We will help you to prepare for GDPR

We are pleased to tell you about our swift and structured approach. 

And, the option of private training sessions for your organisation or clients.


One size definitely does not fit all. Whilst GDPR has a uniform set of rules to follow, every organisation, including yours, uses data in different ways and many organisations already have some form of governance in place in respect of data.

Consequently, we urge any organisation that is offered 'template' policies or an 'IT solution' to exercise great caution about the risk they are not unlikely to be running. In recent years, our legal sector auditing team has recorded more non-compliances than we can easily count due to organisations using template plans, policies and procedures!


Our approach is far more comprehensive and tailored to each organisation. We offer a diagnosis before we propose a treatment! 

Phase 1: We conduct a fixed price gap analysis of your organisation and provide you with a detailed report, including details of what you need to do or consider to plug any gaps. Having received our report, some organisations feel happy to then amend their governance documents for themselves, but for those that would like us to assist, we move to Phase 2.

Phase 2:  We visit your office to meet with the relevant key people in your organisation to discuss and map as to how your organisation uses data and would like to use data. Then,  back at our own offices, we draft the new plans, policies and procedures for you (or augment your existing ones). Critically, before delivering the the new/revised documents to you, we also review the data control aspects for Lexcel or SQM compliance if your organisation holds either of the standards.

Phase 3:  Training and support (if required). The most common cause of data breaches is human error; it's one thing to rewrite the rulebook, but it's often something else entirely to actually implement it and affect changes in staff behaviour to meet it. We provide training and support at all levels to help you to embed your new plans, policies and procedures with your staff.


Simply training:  Training sessions just for your organisation. We are pleased to provide training sessions (from 90 minutes in duration to up 2 days) with a syllabus ranging from a 'grounding on the real world implications of GDPR' to 'expanded specialist sessions' that delve into the fine detail of the requirements of GDPR.



Demonstrate that you have prepared

The organisations that we have assisted to the conclusion of Phase 3 are presented with our 'GDPR Prepared' mark.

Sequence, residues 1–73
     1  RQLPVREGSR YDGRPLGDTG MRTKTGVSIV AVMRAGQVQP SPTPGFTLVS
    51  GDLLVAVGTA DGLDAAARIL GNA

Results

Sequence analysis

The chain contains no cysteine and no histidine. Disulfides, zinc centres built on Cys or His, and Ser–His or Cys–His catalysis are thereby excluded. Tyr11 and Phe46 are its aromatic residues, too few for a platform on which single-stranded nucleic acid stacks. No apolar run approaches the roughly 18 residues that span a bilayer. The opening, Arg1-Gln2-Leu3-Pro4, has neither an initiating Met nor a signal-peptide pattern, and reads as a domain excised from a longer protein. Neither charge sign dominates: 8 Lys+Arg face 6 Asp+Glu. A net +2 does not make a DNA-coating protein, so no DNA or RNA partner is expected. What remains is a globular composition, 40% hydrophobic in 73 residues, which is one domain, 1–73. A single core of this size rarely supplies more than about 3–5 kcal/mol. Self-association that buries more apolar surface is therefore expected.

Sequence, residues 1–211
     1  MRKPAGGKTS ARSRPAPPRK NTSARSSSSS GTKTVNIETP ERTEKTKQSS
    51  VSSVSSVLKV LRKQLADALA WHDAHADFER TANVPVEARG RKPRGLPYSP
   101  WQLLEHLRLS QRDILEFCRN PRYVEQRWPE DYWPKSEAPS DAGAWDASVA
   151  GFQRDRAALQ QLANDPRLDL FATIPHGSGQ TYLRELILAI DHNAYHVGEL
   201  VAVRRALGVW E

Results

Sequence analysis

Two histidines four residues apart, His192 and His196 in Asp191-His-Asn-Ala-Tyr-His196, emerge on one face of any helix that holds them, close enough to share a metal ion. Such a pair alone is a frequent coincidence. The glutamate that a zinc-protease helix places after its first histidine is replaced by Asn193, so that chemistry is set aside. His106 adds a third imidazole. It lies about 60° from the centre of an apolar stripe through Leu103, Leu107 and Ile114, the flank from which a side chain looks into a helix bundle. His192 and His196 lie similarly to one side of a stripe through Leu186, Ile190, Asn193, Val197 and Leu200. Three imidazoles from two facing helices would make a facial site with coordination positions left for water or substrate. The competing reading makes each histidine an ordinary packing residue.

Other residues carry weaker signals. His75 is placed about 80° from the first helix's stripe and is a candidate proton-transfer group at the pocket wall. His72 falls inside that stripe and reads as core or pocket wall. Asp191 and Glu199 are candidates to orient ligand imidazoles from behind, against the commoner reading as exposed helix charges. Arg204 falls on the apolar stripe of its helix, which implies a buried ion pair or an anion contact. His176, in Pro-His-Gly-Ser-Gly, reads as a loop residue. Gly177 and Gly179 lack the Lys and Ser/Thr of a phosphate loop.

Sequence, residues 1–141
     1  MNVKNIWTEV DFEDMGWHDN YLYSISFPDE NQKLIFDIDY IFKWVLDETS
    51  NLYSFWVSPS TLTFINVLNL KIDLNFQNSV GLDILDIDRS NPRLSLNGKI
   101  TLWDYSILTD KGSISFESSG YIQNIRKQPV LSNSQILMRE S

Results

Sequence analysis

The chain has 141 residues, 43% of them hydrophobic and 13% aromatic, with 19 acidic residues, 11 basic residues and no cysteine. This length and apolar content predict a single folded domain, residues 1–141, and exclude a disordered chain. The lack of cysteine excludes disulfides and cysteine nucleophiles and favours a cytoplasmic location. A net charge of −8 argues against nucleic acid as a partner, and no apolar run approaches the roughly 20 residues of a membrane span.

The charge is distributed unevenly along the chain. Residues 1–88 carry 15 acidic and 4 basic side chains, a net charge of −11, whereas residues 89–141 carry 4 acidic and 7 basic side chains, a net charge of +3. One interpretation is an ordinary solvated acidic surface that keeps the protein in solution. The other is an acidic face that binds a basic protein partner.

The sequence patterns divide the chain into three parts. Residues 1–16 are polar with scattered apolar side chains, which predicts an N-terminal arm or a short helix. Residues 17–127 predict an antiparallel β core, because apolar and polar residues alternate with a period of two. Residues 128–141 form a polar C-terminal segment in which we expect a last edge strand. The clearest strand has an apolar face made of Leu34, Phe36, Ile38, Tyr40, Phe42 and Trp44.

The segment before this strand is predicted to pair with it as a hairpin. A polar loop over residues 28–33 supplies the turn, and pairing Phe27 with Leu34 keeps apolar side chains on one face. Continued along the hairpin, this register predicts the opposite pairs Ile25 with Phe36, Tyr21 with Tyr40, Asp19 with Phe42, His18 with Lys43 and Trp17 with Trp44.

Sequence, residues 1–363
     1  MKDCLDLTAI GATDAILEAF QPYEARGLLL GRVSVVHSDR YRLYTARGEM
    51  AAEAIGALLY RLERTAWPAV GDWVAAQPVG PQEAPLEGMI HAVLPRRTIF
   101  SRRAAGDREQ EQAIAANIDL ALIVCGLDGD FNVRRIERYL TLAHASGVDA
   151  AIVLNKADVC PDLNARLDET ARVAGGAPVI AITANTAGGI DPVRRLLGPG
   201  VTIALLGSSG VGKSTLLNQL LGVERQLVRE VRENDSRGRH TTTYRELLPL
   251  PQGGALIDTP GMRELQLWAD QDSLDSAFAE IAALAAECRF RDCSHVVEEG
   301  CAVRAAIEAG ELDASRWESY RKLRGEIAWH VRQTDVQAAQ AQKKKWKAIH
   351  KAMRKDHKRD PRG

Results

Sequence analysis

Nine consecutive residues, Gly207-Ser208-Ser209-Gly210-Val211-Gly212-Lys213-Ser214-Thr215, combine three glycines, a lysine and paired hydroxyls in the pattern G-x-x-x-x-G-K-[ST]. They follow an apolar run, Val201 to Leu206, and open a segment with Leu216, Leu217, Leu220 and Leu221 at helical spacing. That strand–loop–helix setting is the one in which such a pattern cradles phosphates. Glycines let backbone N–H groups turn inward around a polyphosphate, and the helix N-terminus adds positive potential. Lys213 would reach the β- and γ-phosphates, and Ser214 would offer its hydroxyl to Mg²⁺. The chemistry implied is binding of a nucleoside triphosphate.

There's no underestimating the importance of effective preparation for GDPR; this mark communicates to your staff, clients, suppliers and others that you have put in place processes intended to support best practice for data protection.

Having received the mark, you can choose to display it on your website, in email signatures, on business cards and stationery, in social media and elsewhere.




About GDPR: GDPR comes into force on 25 May 2018.

It has implications for every organisation in the UK that handles personal data and whilst many organisations are complying with the existing legislation (the Data Protection Act) a fresh approach is required to meet the  requirements of GDPR.


We hear, daily, myths circulating around GDPR, such as:

  • ‘Don’t do anything yet, wait for May 2018 or final guidance from Information Commissioner’.
  • ‘Brexit means this EU regulation won’t apply to the UK’.
  • ‘My IT system / network is secure, I don’t need to do anything’.
  • 'This only applies to the marketing team; they can deal with it'.


For organisations that do not comply with GDPR, the financial penalty can be severe, but that pales almost into insignificance by comparison with the reputational damage. The legal sector, more than most, trades on its reputation and integrity; a dent in either will have serious, perhaps even irreparable, consequences.


Further, the legal sector is already tightly regulated.  A breach might not incur the scrutiny of only the ICO. For solicitors, the SRA Code (2011) is clear in this area. Examples of relevant sections of the Code include:

  • Outcome 4.1: you keep the affairs of clients confidential unless disclosure is required or permitted by law or the client
  • Outcome 4.5: you have effective systems and controls in place to enable you to identify risks to client confidentiality and to
    mitigate those risks.
  • Outcome 7.2: you have effective systems and controls in place to achieve and comply with all the Principles , rules and
    outcomes and other requirements of the Handbook, where applicable.
  • Outcome 7.5: you comply with legislation applicable to your business, including anti-money laundering and data protection
  • Outcome 7.6: you train individuals working in the firm to maintain a level of competence appropriate to their work and
    level of responsibility.

The latter of the above Outcomes is particularly pertinent as human area is the most common cause of data breaches.


Please get in touch with us to discuss your concerns and requirements.


You can read some of our recent articles on LinkedIn, here


PDA Legal was delighted to deliver a presentation on GDPR to the the Warwickshire Law Society in March 2018.  Our session set out, in 'real life' examples and terms, as to what GDPR entails and what organisations, especially law firms, can do (or at least think about) to assist with their preparations for GDPR becoming 'live' in May 2018.


You can download a summary version of our presentation for free,

by clicking here for the PRINT-FRIENDLY version.

The other companies in the PDA group
PDA Legal

Maple House, Manor Green Road, Epsom, Surrey KT19 8RN
01372 879343
Contact us     Legal & Terms of Use